The 7th Circuit Court of Appeals upheld the US District’s Court’s ruling in a case alleging reverse gender discrimination. In David Farr v. St. Francis Hospital and Health Centers , No. 08-3203, District Court Judge Sarah Barker decided that the there was no merit to the Plaintiff’s claim that St. Francis hospital had discriminated against him by terminating him for improper use of work computers. Farr was a respiratory therapist in the hospital’s Pulmonary Rehabilitation Department. He was the only male employee in the department staff of seven. They all shared the same computer but had different user names and passwords.
Farr was fired following an investigation into the discovery of “lurid” and “obscene” sites which had been accessed on the department’s computer. The investigation by the department showed that Farr’s user name had accessed the inappropriate sites and found that no other employees’ names were associated with the violation. The investigation also showed that Farr was the only employing working a specific Saturday when a significant portion of computer activity involved pornographic sites. Farr was suspended for five days, and ultimately fired for breaching various hospital policies.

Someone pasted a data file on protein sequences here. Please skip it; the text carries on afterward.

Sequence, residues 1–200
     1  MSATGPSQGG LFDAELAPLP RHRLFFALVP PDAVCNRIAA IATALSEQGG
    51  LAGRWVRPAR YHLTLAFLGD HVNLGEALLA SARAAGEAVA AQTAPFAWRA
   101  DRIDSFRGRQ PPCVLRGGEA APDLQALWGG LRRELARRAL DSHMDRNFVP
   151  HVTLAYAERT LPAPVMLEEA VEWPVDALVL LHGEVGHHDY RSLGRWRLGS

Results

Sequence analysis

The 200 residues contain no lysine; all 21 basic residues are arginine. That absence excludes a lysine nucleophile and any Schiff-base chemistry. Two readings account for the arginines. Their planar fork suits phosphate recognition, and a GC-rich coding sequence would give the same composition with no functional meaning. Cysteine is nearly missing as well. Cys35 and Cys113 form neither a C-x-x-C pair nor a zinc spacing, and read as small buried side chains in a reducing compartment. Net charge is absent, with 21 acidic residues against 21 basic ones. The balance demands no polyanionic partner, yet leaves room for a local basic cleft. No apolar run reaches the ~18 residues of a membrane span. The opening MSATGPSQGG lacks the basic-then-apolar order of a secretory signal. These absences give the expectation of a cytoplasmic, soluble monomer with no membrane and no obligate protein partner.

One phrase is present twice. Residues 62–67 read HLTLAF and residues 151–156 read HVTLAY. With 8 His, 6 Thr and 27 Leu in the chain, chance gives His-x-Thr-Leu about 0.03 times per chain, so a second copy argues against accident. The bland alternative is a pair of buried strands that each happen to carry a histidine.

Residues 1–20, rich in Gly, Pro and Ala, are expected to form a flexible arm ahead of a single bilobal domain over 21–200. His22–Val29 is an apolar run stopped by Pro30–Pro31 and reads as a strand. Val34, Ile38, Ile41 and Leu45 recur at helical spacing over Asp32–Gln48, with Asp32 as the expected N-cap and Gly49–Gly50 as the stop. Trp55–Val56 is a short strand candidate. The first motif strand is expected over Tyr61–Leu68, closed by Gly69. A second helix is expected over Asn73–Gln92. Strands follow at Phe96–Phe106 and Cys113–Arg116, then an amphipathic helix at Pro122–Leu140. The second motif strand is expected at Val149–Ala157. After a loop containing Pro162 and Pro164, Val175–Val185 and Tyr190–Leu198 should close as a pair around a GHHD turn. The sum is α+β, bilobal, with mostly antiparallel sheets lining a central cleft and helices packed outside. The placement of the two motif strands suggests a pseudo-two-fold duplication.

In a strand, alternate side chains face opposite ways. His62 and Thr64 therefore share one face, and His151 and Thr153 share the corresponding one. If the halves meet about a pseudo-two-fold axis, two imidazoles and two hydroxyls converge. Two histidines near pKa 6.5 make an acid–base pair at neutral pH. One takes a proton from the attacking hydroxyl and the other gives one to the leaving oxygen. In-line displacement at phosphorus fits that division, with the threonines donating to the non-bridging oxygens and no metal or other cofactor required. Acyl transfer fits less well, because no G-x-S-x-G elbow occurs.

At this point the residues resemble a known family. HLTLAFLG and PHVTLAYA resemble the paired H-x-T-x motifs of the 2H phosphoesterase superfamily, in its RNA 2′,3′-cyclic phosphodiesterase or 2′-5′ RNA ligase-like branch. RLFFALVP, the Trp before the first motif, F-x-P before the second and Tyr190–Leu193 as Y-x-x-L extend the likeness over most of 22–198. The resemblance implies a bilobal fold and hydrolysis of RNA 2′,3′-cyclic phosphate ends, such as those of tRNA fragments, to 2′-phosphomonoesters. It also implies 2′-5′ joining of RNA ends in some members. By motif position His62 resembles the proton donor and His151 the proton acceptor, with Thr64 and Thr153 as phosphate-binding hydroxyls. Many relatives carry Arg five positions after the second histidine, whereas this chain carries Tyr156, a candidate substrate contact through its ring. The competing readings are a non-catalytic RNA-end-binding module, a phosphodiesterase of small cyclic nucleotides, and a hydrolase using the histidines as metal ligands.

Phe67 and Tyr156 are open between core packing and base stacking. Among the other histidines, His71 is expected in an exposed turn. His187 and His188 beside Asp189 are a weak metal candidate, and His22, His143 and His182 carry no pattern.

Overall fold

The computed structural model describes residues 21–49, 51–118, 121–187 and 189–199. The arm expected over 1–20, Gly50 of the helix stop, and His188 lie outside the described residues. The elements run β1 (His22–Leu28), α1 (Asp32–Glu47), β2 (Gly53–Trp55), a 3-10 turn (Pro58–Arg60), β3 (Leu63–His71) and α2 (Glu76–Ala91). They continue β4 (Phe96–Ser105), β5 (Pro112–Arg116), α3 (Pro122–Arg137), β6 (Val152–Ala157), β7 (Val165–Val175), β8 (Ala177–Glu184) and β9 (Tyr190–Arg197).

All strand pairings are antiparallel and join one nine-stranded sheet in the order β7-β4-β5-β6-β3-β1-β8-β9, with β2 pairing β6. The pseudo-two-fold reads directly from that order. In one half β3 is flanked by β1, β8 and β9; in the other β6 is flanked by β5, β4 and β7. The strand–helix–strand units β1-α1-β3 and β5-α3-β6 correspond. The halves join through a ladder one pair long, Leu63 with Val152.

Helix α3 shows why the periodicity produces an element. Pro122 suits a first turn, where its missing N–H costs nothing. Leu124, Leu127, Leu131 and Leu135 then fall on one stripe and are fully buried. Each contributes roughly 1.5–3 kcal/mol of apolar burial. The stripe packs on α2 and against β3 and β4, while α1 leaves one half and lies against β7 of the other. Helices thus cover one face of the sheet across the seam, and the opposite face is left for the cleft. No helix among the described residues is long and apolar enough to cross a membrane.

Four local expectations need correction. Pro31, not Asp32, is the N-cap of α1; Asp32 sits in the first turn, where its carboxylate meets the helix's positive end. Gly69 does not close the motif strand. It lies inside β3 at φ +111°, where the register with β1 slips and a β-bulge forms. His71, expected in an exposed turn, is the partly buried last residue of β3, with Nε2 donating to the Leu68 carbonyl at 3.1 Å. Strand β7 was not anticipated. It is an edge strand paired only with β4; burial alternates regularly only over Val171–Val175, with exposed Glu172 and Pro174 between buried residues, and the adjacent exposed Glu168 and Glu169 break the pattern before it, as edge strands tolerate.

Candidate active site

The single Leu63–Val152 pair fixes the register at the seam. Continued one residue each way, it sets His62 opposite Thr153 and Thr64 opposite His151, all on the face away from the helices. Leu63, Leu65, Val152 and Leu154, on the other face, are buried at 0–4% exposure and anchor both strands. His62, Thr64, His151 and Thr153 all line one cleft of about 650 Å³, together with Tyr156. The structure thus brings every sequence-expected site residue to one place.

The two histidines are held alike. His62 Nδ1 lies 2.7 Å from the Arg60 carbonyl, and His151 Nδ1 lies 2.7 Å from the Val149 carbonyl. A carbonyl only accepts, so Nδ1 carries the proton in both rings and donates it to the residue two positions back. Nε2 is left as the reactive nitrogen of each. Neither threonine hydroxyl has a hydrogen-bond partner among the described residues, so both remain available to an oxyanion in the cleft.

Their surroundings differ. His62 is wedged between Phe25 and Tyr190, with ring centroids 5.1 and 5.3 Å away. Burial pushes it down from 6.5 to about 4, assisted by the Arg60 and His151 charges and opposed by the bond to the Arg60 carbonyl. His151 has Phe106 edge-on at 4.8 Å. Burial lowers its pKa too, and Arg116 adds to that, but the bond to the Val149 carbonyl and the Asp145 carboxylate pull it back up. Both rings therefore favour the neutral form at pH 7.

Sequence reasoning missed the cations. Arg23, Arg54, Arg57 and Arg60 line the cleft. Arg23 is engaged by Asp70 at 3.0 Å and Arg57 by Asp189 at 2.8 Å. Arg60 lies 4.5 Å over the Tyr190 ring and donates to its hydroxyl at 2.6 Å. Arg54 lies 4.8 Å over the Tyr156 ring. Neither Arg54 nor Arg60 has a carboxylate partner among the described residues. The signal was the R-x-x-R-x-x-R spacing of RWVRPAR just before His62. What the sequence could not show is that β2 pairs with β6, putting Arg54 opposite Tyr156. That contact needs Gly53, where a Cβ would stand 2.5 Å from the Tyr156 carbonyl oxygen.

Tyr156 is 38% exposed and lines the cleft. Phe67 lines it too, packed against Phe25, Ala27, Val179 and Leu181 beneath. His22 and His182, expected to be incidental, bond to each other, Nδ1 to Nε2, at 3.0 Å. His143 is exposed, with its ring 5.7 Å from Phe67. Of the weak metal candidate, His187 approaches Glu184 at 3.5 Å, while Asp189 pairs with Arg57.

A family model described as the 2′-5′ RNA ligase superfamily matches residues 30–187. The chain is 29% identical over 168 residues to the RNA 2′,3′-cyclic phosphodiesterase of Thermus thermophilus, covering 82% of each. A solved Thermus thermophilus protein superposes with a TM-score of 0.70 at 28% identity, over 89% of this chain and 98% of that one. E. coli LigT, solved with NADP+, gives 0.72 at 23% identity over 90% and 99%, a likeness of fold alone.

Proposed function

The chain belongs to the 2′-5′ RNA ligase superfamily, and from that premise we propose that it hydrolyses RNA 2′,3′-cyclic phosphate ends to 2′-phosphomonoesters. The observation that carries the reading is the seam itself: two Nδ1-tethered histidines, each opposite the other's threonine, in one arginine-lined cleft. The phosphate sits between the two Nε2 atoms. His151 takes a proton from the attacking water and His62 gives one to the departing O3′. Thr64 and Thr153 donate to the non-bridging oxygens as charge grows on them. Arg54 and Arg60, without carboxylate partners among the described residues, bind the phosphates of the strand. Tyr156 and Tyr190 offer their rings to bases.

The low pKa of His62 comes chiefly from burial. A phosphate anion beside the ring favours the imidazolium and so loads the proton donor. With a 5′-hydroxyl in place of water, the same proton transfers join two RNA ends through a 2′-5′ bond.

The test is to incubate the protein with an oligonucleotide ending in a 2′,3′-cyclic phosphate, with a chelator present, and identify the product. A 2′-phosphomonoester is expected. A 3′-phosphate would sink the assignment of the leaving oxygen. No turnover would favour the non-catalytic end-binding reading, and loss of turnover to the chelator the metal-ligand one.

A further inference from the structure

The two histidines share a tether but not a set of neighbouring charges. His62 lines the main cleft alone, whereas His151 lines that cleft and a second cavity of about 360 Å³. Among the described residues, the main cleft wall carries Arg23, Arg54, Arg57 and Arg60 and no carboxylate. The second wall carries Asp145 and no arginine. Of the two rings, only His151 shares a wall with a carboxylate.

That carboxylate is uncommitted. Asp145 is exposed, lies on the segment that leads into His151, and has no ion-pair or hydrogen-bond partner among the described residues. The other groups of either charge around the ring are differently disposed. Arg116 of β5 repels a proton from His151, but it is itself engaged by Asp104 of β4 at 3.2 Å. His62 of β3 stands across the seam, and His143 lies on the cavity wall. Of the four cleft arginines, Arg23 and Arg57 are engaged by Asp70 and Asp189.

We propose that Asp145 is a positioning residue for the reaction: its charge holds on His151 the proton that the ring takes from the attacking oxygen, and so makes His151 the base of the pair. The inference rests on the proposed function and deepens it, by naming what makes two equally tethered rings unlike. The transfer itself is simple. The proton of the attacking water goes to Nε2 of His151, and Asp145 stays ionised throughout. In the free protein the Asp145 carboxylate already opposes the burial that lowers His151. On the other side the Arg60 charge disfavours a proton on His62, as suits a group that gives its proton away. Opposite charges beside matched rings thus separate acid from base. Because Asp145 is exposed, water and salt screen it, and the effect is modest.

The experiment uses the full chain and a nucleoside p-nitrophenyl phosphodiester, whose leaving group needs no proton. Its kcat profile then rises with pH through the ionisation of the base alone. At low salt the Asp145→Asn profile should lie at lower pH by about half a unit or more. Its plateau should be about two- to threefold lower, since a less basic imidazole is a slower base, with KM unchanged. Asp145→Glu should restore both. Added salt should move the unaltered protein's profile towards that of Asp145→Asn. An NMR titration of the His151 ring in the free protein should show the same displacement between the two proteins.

Farr filed a grievance, and admitted that he’d accessed at least half of the sites identified on the report issued by the hospital’s IT department. However, he hired his own expert who contended that the other sites where placed on the computer by malware without his knowledge. The grievance committee upheld the termination, and in 2007, Farr filed suit alleging he was a victim of gender discrimination. Farr claimed the hospital assumed he was the only one looking at the inappropriate sites because he was the only male in the department. Judge Barker granted summary judgment in favor of the hospital in an August 1, 2008 decision, which Farr appealed.
In its decision, the federal appellate panel found that Farr’s claims didn’t hold water based on the evidence and that it was reasonable and not discriminatory for the hospital to investigate the person who was officially logged on to the computer at the times the sites were accessed. Given Farr’s admission that he had accessed at least half of the inappropriate sites, there was a nondiscriminatory basis for the employer’s action. The panel affirmed Judge Barker’s ruling, and dismissed Farr’s other claims